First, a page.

Some articles loose relevance over the years. Others retain their initial importance. This is one of them. Science Daily published an article in September 2011 about research on hearing loss and the brain. The researchers found a connection between hearing loss and the size and activity of auditory areas in the brain. Gray matter density was found to be lower in people with hearing loss. Researchers also found, via functional MRI, that brain activity in the auditory areas was less in people with hearing loss than in those without hearing loss when listening to complex sentences. This research suggests that even mild hearing loss may lead to brain atrophy and lower auditory processing ability.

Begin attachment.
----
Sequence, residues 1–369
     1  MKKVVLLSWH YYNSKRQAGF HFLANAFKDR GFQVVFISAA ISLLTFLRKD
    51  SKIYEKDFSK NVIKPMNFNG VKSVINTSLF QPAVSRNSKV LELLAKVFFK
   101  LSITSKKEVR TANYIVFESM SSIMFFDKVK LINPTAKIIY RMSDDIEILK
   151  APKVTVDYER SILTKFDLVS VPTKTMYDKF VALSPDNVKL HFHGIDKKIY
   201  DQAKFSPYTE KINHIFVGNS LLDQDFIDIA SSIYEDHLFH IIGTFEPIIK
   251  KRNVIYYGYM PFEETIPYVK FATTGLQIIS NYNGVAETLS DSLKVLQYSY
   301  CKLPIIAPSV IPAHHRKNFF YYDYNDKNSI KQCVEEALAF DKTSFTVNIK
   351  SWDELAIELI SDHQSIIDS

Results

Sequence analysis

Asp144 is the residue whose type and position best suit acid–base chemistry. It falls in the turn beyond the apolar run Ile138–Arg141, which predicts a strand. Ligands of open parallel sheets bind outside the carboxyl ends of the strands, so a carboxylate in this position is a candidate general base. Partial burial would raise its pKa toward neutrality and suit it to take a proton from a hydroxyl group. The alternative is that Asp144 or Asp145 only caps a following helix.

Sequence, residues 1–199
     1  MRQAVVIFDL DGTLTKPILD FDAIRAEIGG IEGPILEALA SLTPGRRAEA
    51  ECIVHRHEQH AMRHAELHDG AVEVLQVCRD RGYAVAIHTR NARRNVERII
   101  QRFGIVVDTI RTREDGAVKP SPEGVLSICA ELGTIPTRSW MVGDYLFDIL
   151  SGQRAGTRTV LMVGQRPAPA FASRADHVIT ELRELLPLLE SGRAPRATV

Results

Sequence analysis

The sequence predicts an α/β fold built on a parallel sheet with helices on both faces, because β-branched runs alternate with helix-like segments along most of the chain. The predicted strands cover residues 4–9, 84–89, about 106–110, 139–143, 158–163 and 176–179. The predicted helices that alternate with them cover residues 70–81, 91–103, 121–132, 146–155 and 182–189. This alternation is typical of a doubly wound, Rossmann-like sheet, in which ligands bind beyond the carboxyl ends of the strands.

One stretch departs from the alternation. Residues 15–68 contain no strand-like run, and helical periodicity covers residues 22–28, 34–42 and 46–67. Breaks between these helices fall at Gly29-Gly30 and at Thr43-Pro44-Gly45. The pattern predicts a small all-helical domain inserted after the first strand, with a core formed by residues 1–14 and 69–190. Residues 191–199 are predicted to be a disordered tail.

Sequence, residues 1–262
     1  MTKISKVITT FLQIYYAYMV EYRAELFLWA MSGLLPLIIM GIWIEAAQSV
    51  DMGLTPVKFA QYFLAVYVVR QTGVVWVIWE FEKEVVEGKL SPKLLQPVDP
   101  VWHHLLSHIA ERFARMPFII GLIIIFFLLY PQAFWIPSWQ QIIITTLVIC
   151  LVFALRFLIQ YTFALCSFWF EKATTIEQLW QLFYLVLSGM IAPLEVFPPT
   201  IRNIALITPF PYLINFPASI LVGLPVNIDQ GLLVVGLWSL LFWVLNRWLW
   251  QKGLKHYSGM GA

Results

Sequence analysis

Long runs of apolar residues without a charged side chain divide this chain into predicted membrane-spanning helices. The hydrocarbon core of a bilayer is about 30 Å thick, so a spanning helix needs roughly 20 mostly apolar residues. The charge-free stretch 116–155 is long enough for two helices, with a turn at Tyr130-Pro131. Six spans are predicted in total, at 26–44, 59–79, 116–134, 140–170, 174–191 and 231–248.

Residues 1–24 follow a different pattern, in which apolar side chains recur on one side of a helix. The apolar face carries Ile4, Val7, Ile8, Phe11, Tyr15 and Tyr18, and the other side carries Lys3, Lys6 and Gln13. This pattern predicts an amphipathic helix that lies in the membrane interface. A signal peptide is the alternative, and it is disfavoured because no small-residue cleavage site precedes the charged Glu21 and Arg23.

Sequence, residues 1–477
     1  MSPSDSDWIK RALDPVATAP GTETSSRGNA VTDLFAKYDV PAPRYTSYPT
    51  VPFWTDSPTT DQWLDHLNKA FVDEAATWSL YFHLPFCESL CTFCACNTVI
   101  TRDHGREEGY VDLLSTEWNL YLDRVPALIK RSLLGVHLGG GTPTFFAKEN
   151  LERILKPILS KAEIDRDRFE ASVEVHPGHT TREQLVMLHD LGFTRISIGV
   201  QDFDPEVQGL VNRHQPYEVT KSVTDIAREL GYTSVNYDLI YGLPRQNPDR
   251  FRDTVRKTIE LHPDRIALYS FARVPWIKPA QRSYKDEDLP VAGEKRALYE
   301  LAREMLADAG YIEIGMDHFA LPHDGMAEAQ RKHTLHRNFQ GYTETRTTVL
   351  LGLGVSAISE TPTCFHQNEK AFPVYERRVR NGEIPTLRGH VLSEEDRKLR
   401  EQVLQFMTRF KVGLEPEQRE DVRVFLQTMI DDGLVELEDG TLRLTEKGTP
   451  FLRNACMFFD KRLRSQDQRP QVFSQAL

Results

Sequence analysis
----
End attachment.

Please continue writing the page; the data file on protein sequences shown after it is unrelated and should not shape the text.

We know that hearing aid use improves auditory function in those with hearing loss. Many professionals feel that use of hearing aids may also lead to actual physical reorganization of brain tissue. I am not aware of research that shows this specifically, but it seems likely in view of other research that has shown physical reorganization of auditory pathways in response to musical training. I have heard that Dr. Frank Lin at Johns Hopkins has a study currently underway in which he is looking at the utility of hearing aids to delay the onset of dementia. I am looking forward to what he may discover.